Local leaders shared their concerns about potential labor shortages at key positions this winter – particularly teachers and snowplow drivers – if a number of municipal employees need to quarantine because they have been in close contact with someone who tested positive for COVID-19. Local CEOs asked if asymptomatic employees could be allowed to continue working while awaiting test results in order to cover these key areas, where staffing is already stretched thin. They noted that clearing roads is a public safety issue, and a shortage of teachers could force a school district to switch from an in-person or hybrid model to fully remote.

Polito said she would be discussing the plowing issue in meetings with stakeholders, and that deploying the National Guard to clear local streets is a possibility if it becomes necessary.

She said the administration would discuss the teachers issue and get back to local officials.

Asked about the pending expiration on Dec. 31 of expanded leave provisions under the Families First Coronavirus Response Act, Polito said it’s unclear what Congress might do in a lame duck session or when the new administration takes office in January.

Grant opportunities
Polito highlighted four grant opportunities aimed at economic recovery under the new Partnerships for Recovery program, all of which have deadlines this month.

Applications are due Dec. 4 for the fourth round of the Shared Streets and Spaces program, which provides grants ranging from $5,000 to $500,000 to improve plazas, sidewalks, curbs, streets, parking areas and other public spaces to support public health, safe mobility and commerce.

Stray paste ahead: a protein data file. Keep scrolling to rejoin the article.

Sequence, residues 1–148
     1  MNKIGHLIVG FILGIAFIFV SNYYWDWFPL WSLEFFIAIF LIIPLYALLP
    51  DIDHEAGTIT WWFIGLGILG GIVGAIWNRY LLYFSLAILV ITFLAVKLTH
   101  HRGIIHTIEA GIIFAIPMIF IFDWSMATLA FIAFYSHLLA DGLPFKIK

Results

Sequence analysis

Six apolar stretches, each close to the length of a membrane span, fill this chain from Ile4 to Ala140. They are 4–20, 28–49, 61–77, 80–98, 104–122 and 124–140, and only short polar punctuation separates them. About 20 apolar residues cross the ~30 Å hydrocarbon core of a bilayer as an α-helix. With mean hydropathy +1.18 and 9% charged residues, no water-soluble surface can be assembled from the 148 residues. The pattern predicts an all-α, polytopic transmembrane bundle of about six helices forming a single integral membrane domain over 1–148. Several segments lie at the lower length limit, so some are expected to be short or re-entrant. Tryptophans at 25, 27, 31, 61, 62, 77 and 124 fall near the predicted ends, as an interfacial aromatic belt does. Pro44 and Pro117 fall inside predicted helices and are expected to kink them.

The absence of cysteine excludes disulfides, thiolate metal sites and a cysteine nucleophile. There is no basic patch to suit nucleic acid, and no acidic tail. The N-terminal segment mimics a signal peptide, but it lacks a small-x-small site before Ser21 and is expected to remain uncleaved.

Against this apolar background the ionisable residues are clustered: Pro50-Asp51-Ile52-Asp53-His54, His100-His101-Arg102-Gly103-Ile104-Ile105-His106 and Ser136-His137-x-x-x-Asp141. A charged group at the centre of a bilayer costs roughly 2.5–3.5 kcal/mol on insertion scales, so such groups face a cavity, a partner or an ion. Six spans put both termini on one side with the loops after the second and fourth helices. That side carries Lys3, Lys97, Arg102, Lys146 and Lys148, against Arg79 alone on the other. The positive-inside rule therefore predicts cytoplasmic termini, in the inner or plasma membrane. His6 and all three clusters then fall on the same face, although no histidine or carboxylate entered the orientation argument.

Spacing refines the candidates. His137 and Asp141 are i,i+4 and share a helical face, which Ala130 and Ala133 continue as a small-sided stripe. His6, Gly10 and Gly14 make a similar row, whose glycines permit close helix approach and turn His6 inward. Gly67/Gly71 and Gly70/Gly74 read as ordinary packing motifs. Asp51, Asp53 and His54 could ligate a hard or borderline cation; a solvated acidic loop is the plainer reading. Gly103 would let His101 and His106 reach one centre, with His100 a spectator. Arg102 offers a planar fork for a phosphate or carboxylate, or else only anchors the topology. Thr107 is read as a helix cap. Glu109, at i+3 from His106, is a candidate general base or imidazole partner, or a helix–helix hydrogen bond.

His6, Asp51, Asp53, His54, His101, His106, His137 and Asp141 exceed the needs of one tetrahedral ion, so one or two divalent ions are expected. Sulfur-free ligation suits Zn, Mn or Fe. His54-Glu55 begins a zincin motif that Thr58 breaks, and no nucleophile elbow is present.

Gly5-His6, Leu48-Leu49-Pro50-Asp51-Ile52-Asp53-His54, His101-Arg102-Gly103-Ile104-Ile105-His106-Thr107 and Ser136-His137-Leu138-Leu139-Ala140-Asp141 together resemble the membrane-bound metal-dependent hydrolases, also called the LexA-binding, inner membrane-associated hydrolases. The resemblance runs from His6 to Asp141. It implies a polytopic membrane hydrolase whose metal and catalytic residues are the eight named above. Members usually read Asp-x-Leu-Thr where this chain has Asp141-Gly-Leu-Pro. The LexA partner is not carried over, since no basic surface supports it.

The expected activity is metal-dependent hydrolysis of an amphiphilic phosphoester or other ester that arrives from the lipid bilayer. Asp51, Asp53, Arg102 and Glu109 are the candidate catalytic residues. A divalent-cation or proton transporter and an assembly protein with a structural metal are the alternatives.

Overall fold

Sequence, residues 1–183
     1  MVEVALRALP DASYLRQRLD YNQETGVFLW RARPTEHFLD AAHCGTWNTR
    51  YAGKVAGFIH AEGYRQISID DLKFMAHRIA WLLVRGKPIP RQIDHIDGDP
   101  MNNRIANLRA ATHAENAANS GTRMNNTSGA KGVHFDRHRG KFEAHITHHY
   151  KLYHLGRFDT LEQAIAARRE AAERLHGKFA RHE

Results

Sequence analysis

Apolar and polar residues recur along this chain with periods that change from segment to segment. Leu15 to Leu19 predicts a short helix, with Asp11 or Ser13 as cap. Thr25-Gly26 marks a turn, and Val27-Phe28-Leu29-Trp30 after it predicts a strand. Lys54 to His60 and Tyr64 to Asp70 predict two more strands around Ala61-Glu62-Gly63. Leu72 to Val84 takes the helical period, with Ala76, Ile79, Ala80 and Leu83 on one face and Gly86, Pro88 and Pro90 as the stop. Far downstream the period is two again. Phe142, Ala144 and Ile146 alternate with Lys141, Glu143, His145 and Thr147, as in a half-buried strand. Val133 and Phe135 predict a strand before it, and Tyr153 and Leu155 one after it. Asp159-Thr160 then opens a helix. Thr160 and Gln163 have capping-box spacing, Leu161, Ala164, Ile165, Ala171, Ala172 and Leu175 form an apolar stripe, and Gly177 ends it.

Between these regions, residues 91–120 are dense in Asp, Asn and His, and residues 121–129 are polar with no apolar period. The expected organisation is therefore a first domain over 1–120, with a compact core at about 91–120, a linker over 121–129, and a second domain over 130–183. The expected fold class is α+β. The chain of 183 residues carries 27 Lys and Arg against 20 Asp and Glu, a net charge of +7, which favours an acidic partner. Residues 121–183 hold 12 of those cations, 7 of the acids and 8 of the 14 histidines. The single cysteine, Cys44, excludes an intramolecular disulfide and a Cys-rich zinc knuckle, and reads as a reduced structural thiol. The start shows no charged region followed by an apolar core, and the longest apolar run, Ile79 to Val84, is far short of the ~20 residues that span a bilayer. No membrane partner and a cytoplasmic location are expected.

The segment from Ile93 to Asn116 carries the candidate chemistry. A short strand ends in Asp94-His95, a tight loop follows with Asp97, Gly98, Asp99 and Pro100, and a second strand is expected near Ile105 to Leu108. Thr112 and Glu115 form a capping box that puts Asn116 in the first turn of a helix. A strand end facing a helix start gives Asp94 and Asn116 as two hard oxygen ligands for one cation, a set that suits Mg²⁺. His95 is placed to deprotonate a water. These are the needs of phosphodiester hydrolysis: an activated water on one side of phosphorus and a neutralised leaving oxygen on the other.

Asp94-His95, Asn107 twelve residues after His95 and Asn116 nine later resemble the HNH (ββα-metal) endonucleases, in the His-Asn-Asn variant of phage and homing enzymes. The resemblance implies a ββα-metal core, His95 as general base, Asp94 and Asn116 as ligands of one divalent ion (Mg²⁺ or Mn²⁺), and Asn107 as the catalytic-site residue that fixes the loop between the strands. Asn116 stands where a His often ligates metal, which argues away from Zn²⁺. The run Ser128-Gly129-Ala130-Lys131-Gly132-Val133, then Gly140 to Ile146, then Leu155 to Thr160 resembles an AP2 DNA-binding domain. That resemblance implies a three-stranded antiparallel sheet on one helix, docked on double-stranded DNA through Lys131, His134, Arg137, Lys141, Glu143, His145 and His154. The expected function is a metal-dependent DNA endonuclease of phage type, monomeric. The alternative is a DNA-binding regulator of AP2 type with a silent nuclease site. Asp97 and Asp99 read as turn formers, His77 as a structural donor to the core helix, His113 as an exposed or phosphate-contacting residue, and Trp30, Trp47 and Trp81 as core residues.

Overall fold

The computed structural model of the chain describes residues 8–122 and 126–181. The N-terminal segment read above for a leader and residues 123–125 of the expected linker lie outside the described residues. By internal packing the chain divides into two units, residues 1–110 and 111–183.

The new Local Rapid Recovery Planning Program provides technical assistance by consultant teams with expertise in strategies to stabilize business districts. An explanatory webinar is set for Dec. 9, and the application deadline is Dec. 18.

Applications are due Dec. 18 for the Urban Agenda Grant Program, which provides grants of up to $100,000 and is primarily seeking proposals that intend to develop or implement COVID-19 economic recovery strategies.

The new $10 million Cultural Organization Economic Recovery Program targets nonprofit cultural organizations negatively impacted by the COVID-19 pandemic. The application deadline is Dec. 11.

Fiscal matters
Cronin said the Executive Office for Administration and Finance recently notified municipal finance officials about reconciliation requirements under the federal Coronavirus Relief Fund, and that formal guidance is expected to be issued by Dec. 14. Municipalities must reconcile their estimate of expenditures against what they actually spent.

With a pending federal deadline of Dec. 30 to use CARES Act funds, Cronin said there is still some time to use them.

“If you have authorization left, go spend it,” he said, adding that the expenditures must meet federal guidelines.

Cronin also urged local officials to get their tax rates into DLS for approval as soon as possible. He said the agency is bracing for a December crush, and submissions were down roughly 20% in November.

“Get it in as quickly as possible so we can turn it around for you and you can issue your third quarter tax bills,” he said.

The Zoom meeting was the 26th regular conference call with state officials convened by the MMA during the pandemic. Also participating in the call were Jana Ferguson, assistant commissioner at the Department of Public Health, and Dr. Larry Madoff, medical director at the Bureau of Infectious Disease and Laboratory Sciences at the Department of Public Health.

Audio of Dec. 1 call with administration (20M MP3)